Since then I've worn the offending jeans many times, because, you know, I had to leave the house eventually and a bathrobe just doesn't go over well in the grocery store. But my quest for custom-fit jeans had begun. I bought denim. I bought patterns. I bought two Craftsy classes (but didn't necessarily watch them). And then I waited, but other projects got in the way and the jeans never materialized. Until now, that is.
Because I like to figure things out on my own and not follow someone else's instructions, I decided the best way for me to start was to make a basic pants pattern, get it to fit, and draft a jeans pattern from that. I used Vogue 1293 for the basic pattern, minus the pockets. They have a lowered waist and the fit is slim and tapered, a fairly good starting point.
I made my first muslin without any fitting changes. Then the fun began. As with ready-to-wear jeans/pants, the front fit fine but the back didn't. It's really not very fun or easy to fit the back of pants by yourself! With the help of a tripod, camera timer, pins, trial and error, and a whole lot of patience, I managed to somewhat fit the muslin to my body and altered my pattern accordingly.
Then came muslin #2. I had to talk myself into making several muslins before I even started this project or I totally would have given up at this point. I hate making muslins, which is probably why I have so many nearly-completed projects that I know I'll never wear. #2 didn't look great, but I kept plowing ahead, trying to get a better fit.
One thing that really helped in this process was that when I got stuck I put the project down and walked away. Usually at night as I was falling asleep I would think of a solution to whatever fitting problem I was having that day.
By muslin #3 I was almost there, so I tweaked that version of the pattern just a little, drafted the yoke, pockets and fly, called the pattern Jeans #4, and cut it out of denim. For pocket sizes and shapes I sort of measured a few old pairs of jeans and averaged or estimated measurements from there. It work out fairly well, for the most part.
One thing I learned while measuring my old jeans: in ready-to-wear the center back is between the rows of topstitching, not along the seamline. That's the way I always thought it should be but I'd never actually measured before. I'm not sure how sewing patterns handle this since I've never read the directions for any of the jeans patterns I own, but here's how I handled it: I laid the back pieces (with yoke already sewn in place and topstitched - and in this case the pockets too but that was unnecessary) right sides together, with the right back seam allowance extending 1/2" past the left back seam allowance, stretching slightly to fit. I marked a stitching line at 3/8" on the left back seam allowance (which would be 7/8" on the right back) and stitched along that line.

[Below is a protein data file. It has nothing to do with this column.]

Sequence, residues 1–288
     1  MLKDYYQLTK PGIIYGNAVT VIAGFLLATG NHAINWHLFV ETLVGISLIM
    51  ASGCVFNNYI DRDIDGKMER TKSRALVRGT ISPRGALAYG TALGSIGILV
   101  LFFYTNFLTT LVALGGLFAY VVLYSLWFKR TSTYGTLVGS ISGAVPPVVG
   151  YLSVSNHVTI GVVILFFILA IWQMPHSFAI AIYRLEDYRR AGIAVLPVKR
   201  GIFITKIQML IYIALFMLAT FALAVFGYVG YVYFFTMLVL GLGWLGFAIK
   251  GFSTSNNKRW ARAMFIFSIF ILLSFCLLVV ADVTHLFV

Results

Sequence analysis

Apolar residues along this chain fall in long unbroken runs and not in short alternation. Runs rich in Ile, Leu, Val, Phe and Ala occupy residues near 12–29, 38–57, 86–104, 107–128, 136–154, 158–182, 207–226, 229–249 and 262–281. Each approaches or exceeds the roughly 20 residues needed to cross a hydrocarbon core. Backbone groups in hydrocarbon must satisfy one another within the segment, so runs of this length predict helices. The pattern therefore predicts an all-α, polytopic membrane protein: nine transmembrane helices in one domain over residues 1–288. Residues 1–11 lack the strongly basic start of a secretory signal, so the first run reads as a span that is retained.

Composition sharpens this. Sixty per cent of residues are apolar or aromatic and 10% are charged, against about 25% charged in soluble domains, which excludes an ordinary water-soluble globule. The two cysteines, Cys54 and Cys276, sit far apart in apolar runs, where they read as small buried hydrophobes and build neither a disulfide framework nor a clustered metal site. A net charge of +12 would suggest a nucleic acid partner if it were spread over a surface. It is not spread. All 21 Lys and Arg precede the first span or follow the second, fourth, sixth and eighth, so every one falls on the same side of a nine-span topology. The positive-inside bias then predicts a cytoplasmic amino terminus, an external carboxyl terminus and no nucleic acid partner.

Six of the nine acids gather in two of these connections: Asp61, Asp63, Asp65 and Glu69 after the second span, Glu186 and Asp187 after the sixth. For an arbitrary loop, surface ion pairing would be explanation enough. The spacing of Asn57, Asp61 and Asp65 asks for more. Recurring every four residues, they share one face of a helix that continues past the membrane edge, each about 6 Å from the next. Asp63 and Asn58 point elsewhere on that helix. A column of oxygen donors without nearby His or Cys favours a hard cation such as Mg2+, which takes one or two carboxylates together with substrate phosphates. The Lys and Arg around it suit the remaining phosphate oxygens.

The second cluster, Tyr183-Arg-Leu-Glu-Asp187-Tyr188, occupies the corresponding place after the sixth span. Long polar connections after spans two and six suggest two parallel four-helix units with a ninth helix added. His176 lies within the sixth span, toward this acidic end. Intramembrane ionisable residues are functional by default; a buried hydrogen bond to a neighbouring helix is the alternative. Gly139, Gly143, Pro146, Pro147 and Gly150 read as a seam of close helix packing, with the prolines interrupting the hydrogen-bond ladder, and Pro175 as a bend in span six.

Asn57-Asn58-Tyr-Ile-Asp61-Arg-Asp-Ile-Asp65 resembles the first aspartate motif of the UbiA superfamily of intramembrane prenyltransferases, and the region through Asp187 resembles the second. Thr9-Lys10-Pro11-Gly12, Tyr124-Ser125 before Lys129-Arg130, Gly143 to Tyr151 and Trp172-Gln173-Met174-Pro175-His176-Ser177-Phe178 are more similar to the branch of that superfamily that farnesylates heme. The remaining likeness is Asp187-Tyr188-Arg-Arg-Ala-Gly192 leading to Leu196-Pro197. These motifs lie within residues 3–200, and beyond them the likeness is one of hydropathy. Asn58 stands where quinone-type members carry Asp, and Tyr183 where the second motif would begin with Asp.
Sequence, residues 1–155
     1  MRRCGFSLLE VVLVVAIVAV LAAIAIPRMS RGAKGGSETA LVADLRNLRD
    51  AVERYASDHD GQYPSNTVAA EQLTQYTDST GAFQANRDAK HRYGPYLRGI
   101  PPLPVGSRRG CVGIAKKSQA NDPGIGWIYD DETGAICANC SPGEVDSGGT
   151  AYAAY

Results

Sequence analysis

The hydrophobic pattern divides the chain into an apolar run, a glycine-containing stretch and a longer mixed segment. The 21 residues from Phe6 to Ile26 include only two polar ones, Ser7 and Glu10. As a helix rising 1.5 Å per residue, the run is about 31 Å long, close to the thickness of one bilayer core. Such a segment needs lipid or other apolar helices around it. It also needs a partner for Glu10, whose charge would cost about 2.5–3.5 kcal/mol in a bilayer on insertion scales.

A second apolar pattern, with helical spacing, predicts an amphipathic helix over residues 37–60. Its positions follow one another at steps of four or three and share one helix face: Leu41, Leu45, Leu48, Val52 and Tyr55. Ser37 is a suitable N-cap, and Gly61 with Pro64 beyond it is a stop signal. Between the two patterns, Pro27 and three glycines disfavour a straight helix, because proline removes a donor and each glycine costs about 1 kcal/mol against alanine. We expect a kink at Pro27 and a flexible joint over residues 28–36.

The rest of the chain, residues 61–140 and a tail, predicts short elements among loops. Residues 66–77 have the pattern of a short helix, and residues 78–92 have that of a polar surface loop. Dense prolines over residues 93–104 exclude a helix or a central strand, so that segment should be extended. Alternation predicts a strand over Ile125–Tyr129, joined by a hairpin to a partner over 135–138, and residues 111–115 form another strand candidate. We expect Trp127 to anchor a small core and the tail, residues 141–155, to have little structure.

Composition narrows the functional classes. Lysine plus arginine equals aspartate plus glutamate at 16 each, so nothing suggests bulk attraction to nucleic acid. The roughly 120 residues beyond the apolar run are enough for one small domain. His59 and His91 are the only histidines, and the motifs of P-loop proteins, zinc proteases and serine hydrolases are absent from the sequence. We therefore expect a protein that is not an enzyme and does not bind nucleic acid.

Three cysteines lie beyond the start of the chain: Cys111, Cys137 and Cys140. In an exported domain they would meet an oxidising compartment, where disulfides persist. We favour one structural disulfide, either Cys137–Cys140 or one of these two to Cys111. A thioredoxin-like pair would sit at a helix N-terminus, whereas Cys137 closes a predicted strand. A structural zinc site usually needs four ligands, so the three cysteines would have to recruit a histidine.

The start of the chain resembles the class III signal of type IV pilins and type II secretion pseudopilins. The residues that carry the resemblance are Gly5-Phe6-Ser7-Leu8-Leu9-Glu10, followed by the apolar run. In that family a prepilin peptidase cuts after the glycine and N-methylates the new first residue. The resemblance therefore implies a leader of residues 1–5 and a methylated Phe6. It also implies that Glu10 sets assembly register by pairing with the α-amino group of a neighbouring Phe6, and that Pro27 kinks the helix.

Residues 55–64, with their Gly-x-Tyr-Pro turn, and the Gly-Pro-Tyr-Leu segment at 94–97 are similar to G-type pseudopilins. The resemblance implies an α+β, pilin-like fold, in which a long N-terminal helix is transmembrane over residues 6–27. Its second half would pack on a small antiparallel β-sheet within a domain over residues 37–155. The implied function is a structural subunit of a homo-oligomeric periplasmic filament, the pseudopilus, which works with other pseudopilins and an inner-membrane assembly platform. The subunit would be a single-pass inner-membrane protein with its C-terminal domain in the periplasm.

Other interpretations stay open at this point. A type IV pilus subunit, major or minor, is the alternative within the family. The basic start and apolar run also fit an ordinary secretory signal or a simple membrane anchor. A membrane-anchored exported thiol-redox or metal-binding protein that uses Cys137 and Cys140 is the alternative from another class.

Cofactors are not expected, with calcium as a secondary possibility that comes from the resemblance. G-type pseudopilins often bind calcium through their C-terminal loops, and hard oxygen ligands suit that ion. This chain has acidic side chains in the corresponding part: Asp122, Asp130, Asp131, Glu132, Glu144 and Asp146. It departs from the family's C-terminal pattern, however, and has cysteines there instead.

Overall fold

After stitching, I folded the excess seam allowance from the right back over the left back seam allowance and pressed in place. Then I folded the whole thing toward the left back and topstitched two rows on the outside. I used my topstitching foot for this, with the first row 4 needle positions to the left of the seamline and the second row 1/4" from the seamline. It actually looks like jeans! Well, except for the weird grainline on the yoke but that will be fixed in the next version.
And here's the inside. I serged the seam allowances together where the yoke meets the back and pressed them down. I could have done a flat felled seam here as well but that would have created a lot of bulk at the point where the yoke and center back seams meet. I haven't decided for sure how to do it in the future, but for these jeans I'm satisfied with this seam.
Ok, that's enough for now. More jeans adventures to come soon!